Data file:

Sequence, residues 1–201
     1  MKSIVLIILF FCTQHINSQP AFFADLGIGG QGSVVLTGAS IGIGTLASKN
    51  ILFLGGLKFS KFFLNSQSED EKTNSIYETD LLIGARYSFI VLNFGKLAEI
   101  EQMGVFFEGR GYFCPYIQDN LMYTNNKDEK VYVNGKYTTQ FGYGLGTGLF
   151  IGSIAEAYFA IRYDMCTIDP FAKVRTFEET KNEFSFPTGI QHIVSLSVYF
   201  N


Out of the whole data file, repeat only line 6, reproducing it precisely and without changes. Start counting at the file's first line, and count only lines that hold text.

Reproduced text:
   201  N